New Indianapolis Public School Board members Mary Ann Sullivan, Kelly Bentley and LaNier Echols together raised nearly $200,000 last year to support their winning campaigns in what ended up as the most expensive school board election in the city's recent history.
October 23, 2014
Watch IPS school board candidate forum from home with live webcast
Can't attend Chalkbeat and WFYI's candidate forum at the IndyPL's Central Library tonight featuring the 10 people running for a seat on the Indianapolis Public School Board? No problem — you can watch from home!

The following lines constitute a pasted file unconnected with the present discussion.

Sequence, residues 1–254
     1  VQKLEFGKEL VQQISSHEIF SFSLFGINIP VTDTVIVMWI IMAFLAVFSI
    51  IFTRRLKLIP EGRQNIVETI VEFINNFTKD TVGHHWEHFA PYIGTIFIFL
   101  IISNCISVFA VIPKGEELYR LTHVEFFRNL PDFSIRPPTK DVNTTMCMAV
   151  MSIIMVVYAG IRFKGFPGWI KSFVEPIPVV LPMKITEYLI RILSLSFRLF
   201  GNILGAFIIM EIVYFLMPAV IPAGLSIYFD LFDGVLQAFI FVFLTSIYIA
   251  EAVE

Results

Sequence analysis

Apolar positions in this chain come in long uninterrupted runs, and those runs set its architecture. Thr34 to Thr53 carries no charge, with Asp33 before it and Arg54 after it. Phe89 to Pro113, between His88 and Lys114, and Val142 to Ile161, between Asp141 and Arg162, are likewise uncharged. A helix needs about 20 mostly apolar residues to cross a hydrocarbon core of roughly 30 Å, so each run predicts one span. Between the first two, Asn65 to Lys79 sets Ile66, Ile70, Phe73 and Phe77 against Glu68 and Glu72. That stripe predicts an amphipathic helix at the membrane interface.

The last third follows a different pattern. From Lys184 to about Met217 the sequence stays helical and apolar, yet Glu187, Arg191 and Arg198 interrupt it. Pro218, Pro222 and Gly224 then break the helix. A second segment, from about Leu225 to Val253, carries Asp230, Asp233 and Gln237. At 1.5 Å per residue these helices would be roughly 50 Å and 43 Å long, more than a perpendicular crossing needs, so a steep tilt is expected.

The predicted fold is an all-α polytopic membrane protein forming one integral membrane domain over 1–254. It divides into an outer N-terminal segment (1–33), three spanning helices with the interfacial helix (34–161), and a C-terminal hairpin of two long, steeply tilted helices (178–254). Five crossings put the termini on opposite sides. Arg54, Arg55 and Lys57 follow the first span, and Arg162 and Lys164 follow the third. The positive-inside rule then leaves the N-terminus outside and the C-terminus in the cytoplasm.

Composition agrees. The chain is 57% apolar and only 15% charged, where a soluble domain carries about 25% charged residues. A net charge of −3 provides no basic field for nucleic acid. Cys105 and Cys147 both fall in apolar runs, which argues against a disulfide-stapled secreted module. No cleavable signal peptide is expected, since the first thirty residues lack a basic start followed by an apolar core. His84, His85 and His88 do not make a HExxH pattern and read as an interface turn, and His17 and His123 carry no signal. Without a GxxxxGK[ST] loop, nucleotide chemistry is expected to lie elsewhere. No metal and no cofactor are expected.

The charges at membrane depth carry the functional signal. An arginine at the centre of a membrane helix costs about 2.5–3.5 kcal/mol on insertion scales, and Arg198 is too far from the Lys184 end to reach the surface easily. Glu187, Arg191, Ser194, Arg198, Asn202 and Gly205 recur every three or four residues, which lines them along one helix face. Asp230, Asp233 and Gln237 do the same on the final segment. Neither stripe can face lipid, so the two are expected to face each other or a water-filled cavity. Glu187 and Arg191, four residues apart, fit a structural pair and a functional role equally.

September 29, 2014
In Brown and Echols, choice is a traditional view of IPS or choice-driven reform
Except for two high-poverty schools whose students are achieving high marks on state accountability tests — School 79, graded an A by the stated, and School 109, graded a B, IPS’ fifth district is home to several troubled schools.
September 29, 2014
Michael Brown: Longtime volunteer wants another IPS board term
Michael Brown hopes to defend his school board seat this fall from LaNier Echols, a charter school dean.